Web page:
Walkers carry personal belongings, food and equipment except gas stoves, mattresses and USB phone chargers, which are provided in three, new state-of-the-art huts along the 46 kilometre route.
Day two of this Y shaped route is an 11 kilometre walk to Arthur’s Peak through eucaplypt forest and heathland before descending to the Munro hut. Scaling The Blade and walking to the tip of Cape Pillar on day three is made easier when walkers leave packs at the hut, picking them up on the way back through, before completing the 17 kilometre walk at Retakunna hut.
Day four brings walkers to the junction we spotted on our first day, where again packs can be left before tackling the steps to Cape Huay and ending the walk in Fortescue Bay.
Day two, three and four on the ‘pack-free’ walk
Back on the pack-free walk, after a buffet breakfast in our guides’ cabin, we set off in the minibus to the start of the walk to Cape Raoul.
After rising up through eucalypt forest for the first few kilometres, it was tricky to concentrate on lunch when we stopped on the edge of a vertiginous cliff edge, with views across the sea to Bruny Island and on to the hazy horizon of the Southern Ocean.
Continuing on through heathland to a small rocky outcrop in the afternoon rewarded us with another stunning view from the other side of the cape.
Our third cape, Cape Pillar, was viewed from below on an exhilarating boat trip departing Port Arthur the next day. The full length waterproof coat, hat and gloves seemed a bit extreme when we set off, but turned out to be very welcome when the boat crashed over the waves sending spray high into the air.
Keeping an eye on a brewing storm in the distance, our skipper ducked expertly into sea caves, pointed out seals and regaled us the tales about the disused lighthouse on Tasman Island. As the storm finally caught up with the boat, we raced across a turbulent sea to the safety of the harbour.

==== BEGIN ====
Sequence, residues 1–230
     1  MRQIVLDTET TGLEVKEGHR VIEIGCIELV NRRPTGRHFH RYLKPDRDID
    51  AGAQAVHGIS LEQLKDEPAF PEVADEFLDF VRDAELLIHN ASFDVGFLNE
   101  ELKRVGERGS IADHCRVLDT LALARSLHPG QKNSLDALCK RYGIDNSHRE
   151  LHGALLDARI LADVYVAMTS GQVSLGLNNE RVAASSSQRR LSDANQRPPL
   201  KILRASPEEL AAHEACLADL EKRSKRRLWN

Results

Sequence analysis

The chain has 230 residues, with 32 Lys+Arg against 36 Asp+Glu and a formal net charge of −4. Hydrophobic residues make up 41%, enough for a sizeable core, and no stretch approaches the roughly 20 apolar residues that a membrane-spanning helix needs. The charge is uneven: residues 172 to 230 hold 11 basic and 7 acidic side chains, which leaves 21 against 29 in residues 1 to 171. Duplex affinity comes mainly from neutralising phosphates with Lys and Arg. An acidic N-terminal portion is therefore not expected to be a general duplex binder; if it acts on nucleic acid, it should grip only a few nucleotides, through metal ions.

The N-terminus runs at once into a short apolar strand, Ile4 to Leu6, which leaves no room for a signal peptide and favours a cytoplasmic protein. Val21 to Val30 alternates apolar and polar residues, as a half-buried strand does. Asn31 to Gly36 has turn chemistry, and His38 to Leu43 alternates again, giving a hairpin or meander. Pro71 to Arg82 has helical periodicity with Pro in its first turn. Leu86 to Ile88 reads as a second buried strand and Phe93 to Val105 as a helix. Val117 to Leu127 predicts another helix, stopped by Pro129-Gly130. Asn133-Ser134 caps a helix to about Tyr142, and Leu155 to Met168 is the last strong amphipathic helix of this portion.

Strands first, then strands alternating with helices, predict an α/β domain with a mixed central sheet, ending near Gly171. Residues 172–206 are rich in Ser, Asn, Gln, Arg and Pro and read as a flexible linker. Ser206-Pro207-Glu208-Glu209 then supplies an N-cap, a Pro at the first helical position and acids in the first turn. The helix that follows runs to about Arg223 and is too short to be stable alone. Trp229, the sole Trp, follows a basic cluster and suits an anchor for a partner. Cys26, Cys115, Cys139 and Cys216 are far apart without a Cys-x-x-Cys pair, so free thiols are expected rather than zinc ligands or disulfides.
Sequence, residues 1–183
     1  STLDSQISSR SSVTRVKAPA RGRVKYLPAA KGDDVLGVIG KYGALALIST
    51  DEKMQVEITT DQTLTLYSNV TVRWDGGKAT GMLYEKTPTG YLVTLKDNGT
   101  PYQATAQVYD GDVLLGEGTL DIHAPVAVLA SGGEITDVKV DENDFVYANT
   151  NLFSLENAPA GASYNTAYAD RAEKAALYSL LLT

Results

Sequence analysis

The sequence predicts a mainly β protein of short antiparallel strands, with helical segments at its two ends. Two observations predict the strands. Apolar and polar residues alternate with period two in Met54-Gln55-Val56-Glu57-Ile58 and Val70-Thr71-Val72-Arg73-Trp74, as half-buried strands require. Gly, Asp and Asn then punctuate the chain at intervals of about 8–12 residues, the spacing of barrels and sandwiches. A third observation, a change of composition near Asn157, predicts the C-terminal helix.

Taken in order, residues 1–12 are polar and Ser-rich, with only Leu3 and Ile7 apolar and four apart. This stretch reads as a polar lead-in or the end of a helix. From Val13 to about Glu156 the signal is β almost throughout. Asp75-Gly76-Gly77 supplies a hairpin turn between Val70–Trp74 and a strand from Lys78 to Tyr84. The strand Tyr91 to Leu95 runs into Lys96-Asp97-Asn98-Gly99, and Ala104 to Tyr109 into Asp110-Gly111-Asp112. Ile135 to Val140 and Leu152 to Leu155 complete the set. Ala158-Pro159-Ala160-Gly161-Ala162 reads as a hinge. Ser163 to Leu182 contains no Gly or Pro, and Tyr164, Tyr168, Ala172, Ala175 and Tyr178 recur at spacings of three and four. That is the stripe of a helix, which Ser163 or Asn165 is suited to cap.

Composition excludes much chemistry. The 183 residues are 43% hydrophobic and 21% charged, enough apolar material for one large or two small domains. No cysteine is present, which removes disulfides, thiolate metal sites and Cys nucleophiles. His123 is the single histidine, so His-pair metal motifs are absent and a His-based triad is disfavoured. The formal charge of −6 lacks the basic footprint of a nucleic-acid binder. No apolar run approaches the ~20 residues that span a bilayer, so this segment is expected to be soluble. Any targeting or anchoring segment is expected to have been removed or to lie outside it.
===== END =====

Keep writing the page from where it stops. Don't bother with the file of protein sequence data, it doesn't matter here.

Gale force winds the next day halted our final walk after just a few kilometres. Leaning against the wind, hair whipping our faces, dressed head to toe in waterproofs, we valiantly strided over the dunes of Crescent Bay to a blow hole and then turned back. It wasn’t all bad though – we dropped into a cafe for coffee and cake by a warm fire before heading back to Hobart.
Port Arthur and Tasmanian Devils
Taking the boat ride in the morning gave us the afternoon to look around the Tasman Peninsula. A quick trip to the nearby Tasmanian Devil Unzoo was surprising for its range of animals, including kangaroos, birds, quolls as well as the fiery Tasmanian Devils.
Just a ten-minute walk from Stewart Bay Lodge, along a waters-edge track, is the Port Arthur Historic Site. It’s a sobering place, showcasing the remains of a brutal convict prison. However, it’s also set on an idyllic harbour, where we spotted Tasmanian Paddymelons (small wallabies) in the undergrowth on the way back home.
Whichever way you go it will be a stunning walk. Enjoy!
For more information on the classic walk, go to: www.threecapestrack.com.au
For more information on the pack-free walk, go to: http://www.parktrek.com.au/package/three-capes-and-tasman/